Impromptus

Up with humans, &c.

by Jay Nordlinger

A reader has sent me a quite interesting article. A journalist named Aswini Anburajan has declared Senator Ted Cruz, the Texas Republican, a “LINO.” That stands for “Latino in Name Only.”

Huh. I guess Ms. Anburajan — or is it Señora? — thinks that, in order to be a Latino, you have to be a leftist in the fashion of La Raza, or The Race. What Cruz is, actually, is a person: and a conservative, and an American, and a man with a lot to offer.

I’m not sure that Señora Anburajan is a Latina, but if she is, she’s not a wise one.

I like it when people aren’t professional Latinos, professional blacks, professional gays, or whatever. I like it when they’re human beings first. I have noticed something about Bret Easton Ellis, the famous novelist: He’s a human being.

Recently, he has attacked “the gatekeepers of politically correct gayness.” Of course, the gatekeepers have attacked back. They have accused Ellis of being a “self-loathing gay man” — to which he has responded, “I might be a little self-loathing at times . . . but it’s not because I’m gay.” (For an article on the Ellis wars, go here.)

Is that sort of thinking still allowed in America? Apparently so, and refreshing it is.

I’ll tell you a strange fact about the world: When white people want to insult black people, they bring up fried chicken. What the hell?

At the 1997 Masters tournament, Fuzzy Zoeller made a crack about Tiger Woods and fried chicken. In the last couple of weeks, Sergio Garcia did the same thing. You can say a lot about Tiger Woods, or against him. You can talk about his treatment of his wife and family. But fried chicken?

How strange that this food of the gods should have become a racist cudgel.

Alice Walker is one of our most famous writers. She has been a heroine in America since 1982, when she published The Color Purple. The book won the Pulitzer Prize and the National Book Award. It was later made into a movie and a musical.

But, um, is the author meshugge?

A short while ago, she was a guest on the BBC’s Desert Island Discs, the show on which “castaways” tell what recordings they would take to a desert island. They also name a book — and Walker named Human Race, Get Off Your Knees: The Lion Sleeps Tonight. This book is by David Icke, a conspiracy theorist who believes that a reptilian class rules the world, and always has. He is a believer in that infamous hoax, The Protocols of the Elders of Zion. He wrote recently, “The Zionists want to control the world, their karma is to fail and destroy themselves.”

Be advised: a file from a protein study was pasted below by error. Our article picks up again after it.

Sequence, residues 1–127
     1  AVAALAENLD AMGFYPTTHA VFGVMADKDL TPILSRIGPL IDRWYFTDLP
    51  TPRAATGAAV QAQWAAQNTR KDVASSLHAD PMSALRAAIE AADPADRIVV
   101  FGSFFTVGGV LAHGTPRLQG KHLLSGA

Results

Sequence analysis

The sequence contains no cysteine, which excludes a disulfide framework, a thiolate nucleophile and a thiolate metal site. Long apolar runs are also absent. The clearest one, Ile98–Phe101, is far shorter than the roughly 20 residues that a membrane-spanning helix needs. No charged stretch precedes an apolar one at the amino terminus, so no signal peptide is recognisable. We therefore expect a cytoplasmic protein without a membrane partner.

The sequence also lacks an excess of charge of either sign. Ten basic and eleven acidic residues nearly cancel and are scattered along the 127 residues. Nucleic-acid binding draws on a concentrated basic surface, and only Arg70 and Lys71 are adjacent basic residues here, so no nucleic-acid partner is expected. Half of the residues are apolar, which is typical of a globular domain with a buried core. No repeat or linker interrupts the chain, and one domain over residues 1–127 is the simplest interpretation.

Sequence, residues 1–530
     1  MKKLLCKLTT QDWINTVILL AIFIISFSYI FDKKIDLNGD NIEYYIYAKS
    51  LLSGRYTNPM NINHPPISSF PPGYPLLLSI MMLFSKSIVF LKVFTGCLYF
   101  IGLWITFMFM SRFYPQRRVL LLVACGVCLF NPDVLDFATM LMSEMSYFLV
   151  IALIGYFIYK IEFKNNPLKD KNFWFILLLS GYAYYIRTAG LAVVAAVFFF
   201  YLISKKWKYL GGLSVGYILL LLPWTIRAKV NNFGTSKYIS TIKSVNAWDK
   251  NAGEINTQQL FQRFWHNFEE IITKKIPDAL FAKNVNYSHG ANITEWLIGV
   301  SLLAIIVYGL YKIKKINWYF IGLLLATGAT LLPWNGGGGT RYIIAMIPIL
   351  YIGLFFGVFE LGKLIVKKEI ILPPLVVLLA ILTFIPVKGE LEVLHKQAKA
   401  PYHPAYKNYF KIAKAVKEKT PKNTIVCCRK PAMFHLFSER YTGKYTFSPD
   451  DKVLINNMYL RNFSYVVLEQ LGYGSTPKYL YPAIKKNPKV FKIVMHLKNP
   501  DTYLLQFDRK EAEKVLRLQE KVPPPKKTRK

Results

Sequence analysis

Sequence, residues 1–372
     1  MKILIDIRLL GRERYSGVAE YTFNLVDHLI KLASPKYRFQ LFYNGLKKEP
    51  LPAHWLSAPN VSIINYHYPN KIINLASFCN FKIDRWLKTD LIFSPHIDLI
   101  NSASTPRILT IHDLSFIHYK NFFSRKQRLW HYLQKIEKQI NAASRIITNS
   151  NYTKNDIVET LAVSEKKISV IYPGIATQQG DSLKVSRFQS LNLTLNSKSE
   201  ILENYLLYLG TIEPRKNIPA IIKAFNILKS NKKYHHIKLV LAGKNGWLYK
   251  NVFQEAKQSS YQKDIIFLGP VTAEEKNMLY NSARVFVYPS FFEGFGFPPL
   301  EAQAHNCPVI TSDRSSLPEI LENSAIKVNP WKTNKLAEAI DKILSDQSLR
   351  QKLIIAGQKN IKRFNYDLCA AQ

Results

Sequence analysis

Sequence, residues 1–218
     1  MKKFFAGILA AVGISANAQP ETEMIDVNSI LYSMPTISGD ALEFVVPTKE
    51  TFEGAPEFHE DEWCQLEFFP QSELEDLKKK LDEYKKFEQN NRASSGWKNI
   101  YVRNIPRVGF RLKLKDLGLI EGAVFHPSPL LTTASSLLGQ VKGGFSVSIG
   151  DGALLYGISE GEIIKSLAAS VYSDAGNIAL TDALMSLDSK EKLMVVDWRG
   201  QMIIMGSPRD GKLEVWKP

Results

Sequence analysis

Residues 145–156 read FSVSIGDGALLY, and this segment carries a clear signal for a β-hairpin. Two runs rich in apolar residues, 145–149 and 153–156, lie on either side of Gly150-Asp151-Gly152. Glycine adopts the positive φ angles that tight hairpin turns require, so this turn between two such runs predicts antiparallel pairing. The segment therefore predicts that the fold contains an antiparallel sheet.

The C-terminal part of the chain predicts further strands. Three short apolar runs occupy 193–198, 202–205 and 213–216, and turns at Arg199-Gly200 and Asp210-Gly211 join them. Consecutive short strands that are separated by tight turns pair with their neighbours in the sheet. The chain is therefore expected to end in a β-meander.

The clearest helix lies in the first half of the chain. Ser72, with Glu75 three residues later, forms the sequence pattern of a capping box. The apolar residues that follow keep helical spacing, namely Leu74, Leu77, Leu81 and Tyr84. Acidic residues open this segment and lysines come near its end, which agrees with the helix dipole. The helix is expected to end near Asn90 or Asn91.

To that desert island, Walker would do better to take The Color Purple.

I learned about this affair, by the way, from Damian Thompson, here. And I have spent a little time on the Desert Island Discs website. The archive gives you “castaways” down the decades, telling what their choices are. You can search under castaway, music, book, anything.

It is huge fun (if you like this sort of thing).

Speaking of Britain, I was moved by an article from the pen of Graeme Archer, a Telegraph writer (like Thompson). He talked about why he is a Conservative. If I were British, I’d be a Conservative too — though one often grousing about his party.

Just like home, huh?

Archer writes, “. . . we join the party because we hate socialism, with a passion several notches higher than that of the average citizen. The Tory party is a machine with many purposes, but its principal objective is defined by its negative. Stop socialism.”

Now, I admire UKIP, the U.K. Independence Party. I think Britain’s relationship with Brussels has been harmful to Britain and to democracy. Malcolm Pearson, the former leader of UKIP, is one of the loveliest men I’ve ever met in my entire life. You will get similar testimony from virtually everyone else who knows him.

I love seeing pictures of the current leader, Nigel Farage. He is always smiling, always ebullient. “The politics of joy” (a Humphrey phrase) is written on his face.

But I must say, I have come to regard UKIP with worry, and even fear. Why do they exist? They have had a salutary effect on the Conservative party, which has moved on Europe. The prime minister, David Cameron, has promised a referendum on the question. This was unthinkable until very recently.

To grasp the importance — the momentousness — of the referendum, read Daniel Hannan, whose archive is here. Hannan is the Conservative writer and intellectual who sits in the European Parliament (and who cruises with National Review — the prime distinction of his life, certainly).